PALEMBANG, South Sumatra - Sending tents and medical supplies to flooded areas. Check.
Ferrying ready-to-eat meals and blankets to volcano-hit zones. Check.
Rebuilding collapsed schools and bridges in post-earthquake reconstruction. Check.
These are the hardcore disaster response works regularly done by Singapore humanitarian organisation Mercy Relief (MR) since it was launched 10 years ago, with donations from the Singaporean public and the private sector.
But today, the group has expanded its focus and you might want to consider calling it Doomsday Preppers Lite.
In South Sumatra province, Governor Alex Noerdin praised Mercy Relief in a public speech this week for its work in training caregivers of and families with disabled children.
And in the same week, the Indonesian province held a public event to celebrate an MR-initiated course for local teachers to bring basic English to rural students.
What do the Special Needs Training programme and the English For Everyone projects have to do with Mercy Relief?
After all, its officials and volunteers are often seen in media images distributing relief goods from atop trucks in disaster-wrecked countries. Isn't that its main role?
And indeed, it has been involved in humanitarian efforts in more than 20 countries, including headline-grabbing events such as the 2004 Aceh tsunami, the 2008 cyclone Nargis in Myanmar, and the 2011 earthquake and tsunami in Japan.
The latest projects in South Sumatra, in fact, underline how the organisation has steadily expanded its focus in recent years from just reacting to disasters, to a deeper involvement with vulnerable rural communities to build up their capacity and preparedness.
In official-speak, this is MR’s Sustainable Development Programme, or SDP.
“It is important that we build the capacity and preparedness of impoverished communities at disaster-prone locations. Poverty breeds vulnerability,” said Mr Hassan Ahmad, Mercy Relief’s chief executive, who was in Palembang with its workers.
Its move to strengthen rural communities and mitigate disaster risks can be gleaned from its average annual budgets in the last few years, where 30 per cent of its S$5 million to S$6 million annual budgets, have been allocated for longer-term development projects, whilst 50 per cent is for disaster relief, and the remainder for its overheads.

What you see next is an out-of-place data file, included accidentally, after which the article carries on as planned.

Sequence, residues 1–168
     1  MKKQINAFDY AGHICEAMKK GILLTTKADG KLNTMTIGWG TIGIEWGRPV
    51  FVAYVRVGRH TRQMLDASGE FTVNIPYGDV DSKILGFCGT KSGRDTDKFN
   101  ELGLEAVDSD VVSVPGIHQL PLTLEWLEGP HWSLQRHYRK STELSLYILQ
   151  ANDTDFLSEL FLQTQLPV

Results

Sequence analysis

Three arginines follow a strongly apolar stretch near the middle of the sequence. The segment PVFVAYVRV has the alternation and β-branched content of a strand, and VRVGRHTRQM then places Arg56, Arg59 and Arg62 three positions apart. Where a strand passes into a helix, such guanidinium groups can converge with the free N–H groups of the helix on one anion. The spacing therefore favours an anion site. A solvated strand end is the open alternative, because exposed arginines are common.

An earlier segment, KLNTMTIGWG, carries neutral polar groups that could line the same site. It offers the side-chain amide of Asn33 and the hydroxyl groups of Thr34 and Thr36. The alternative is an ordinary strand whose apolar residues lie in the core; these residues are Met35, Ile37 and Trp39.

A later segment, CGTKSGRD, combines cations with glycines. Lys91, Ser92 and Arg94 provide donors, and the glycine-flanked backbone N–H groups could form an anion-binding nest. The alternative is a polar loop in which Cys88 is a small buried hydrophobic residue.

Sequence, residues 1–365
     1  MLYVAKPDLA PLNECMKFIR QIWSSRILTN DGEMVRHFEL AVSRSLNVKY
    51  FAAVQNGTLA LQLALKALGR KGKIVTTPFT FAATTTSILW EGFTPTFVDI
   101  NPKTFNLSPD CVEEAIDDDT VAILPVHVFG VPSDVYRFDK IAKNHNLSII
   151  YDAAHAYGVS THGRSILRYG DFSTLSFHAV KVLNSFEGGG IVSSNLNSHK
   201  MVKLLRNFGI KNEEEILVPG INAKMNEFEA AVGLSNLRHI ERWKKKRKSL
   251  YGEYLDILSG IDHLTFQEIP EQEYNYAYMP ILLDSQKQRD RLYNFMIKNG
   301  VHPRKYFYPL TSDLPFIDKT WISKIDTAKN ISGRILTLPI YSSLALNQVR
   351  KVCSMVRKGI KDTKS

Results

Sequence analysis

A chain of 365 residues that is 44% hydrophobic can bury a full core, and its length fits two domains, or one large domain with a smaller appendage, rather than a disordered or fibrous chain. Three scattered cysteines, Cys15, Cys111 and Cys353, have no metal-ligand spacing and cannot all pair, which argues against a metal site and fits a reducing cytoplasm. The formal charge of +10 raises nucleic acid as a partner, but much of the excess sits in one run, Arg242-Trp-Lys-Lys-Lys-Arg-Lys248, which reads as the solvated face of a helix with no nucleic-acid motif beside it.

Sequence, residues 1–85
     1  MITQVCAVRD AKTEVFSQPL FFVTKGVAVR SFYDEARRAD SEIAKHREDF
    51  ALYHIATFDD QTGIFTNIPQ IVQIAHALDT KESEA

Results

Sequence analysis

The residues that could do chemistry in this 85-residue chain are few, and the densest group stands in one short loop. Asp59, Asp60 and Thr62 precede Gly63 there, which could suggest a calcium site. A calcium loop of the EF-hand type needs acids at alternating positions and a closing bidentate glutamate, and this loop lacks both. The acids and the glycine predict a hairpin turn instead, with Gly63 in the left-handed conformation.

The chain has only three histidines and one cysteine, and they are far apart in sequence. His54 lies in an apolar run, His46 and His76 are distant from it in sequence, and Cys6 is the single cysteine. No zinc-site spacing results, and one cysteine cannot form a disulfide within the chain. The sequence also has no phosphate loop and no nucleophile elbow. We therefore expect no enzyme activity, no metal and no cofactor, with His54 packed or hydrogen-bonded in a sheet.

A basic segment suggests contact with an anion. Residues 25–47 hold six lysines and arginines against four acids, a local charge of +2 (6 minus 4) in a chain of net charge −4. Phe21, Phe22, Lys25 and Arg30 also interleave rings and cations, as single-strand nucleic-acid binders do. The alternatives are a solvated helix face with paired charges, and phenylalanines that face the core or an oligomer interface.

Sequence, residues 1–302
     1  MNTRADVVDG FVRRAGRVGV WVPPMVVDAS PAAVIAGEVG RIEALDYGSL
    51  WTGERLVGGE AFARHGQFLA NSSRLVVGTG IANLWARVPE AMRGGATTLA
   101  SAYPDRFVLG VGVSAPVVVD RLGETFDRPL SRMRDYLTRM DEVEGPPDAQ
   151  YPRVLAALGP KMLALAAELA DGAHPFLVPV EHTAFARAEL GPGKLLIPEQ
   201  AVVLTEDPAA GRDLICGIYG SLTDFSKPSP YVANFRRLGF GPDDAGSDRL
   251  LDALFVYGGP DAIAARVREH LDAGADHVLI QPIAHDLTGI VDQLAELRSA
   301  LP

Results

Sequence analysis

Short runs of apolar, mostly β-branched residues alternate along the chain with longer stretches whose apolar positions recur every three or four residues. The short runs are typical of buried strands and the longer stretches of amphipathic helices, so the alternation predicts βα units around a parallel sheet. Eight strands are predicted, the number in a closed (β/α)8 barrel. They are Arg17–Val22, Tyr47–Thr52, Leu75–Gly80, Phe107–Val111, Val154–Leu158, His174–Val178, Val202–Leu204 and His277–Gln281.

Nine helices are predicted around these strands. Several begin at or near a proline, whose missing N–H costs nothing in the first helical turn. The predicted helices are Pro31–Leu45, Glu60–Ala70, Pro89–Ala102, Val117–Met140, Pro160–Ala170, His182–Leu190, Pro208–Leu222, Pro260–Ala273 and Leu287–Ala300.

Compare these figures with its first five years where 90 per cent of the group’s annual budgets were set aside for delivering emergency relief to disaster zones.
The SDP included converting ship containers into evacuation shelters in typhoon-prone central Vietnam; enhancing medical facilities in flood-prone Cambodia, and initiating the English For Everyone courses in Laos.
No, Mercy Relief is not abandoning its disaster-relief efforts.
Mr Hassan said that getting close to foreign state officials, municipal authorities, NGOs and the communities in the rural areas helps increase preparedness and response for future disasters.
“Such longer-term works build goodwill, trust and confidence with local communities and governments in disaster-prone areas. This will help us respond faster when there is a disaster in the area,” he said.
In South Sumatra, for instance, the programme to impart techniques to help disabled children in South Sumatra, has been well received, with Governor Alex saying on Tuesday that the provincial government will bring in more funds to support the extension of the Mercy Relief project.
For Mr Hassan, the trust of the government of South Sumatra, which is located to the south of Singapore across the Malacca Strait, would give Mercy Relief the platform to prepare for what he calls “The Next Big One” threatening Sumatra. Others might call it the Doomsday scenario.
Some explanation: In the United States, there are groups which actively prepare for what they call Doomsday scenarios - such as the complete breakdown of society or a global meltdown in the financial system.
They “prepped” themselves by building underground bunkers and stocking up on dry food. These people are called the Doomsday Preppers. There is even a TV reality show on this group.
For Mr Hassan, who has been involved in several major earthquakes in many parts of Sumatra island, The Next Big One is the prediction by experts over the years that a huge earthquake could hit the western part of Sumatra in the near future.
Earthquakes have hit provinces such as North Sumatra, West Sumatra and Bengkulu which are neighbouring or nearby provinces of South Sumatra, with Palembang as its capital.
With South Sumatra itself free from earthquakes, Mercy Relief is working with the government to use the province as a possible launching pad for disaster relief should The Next Big One arrive.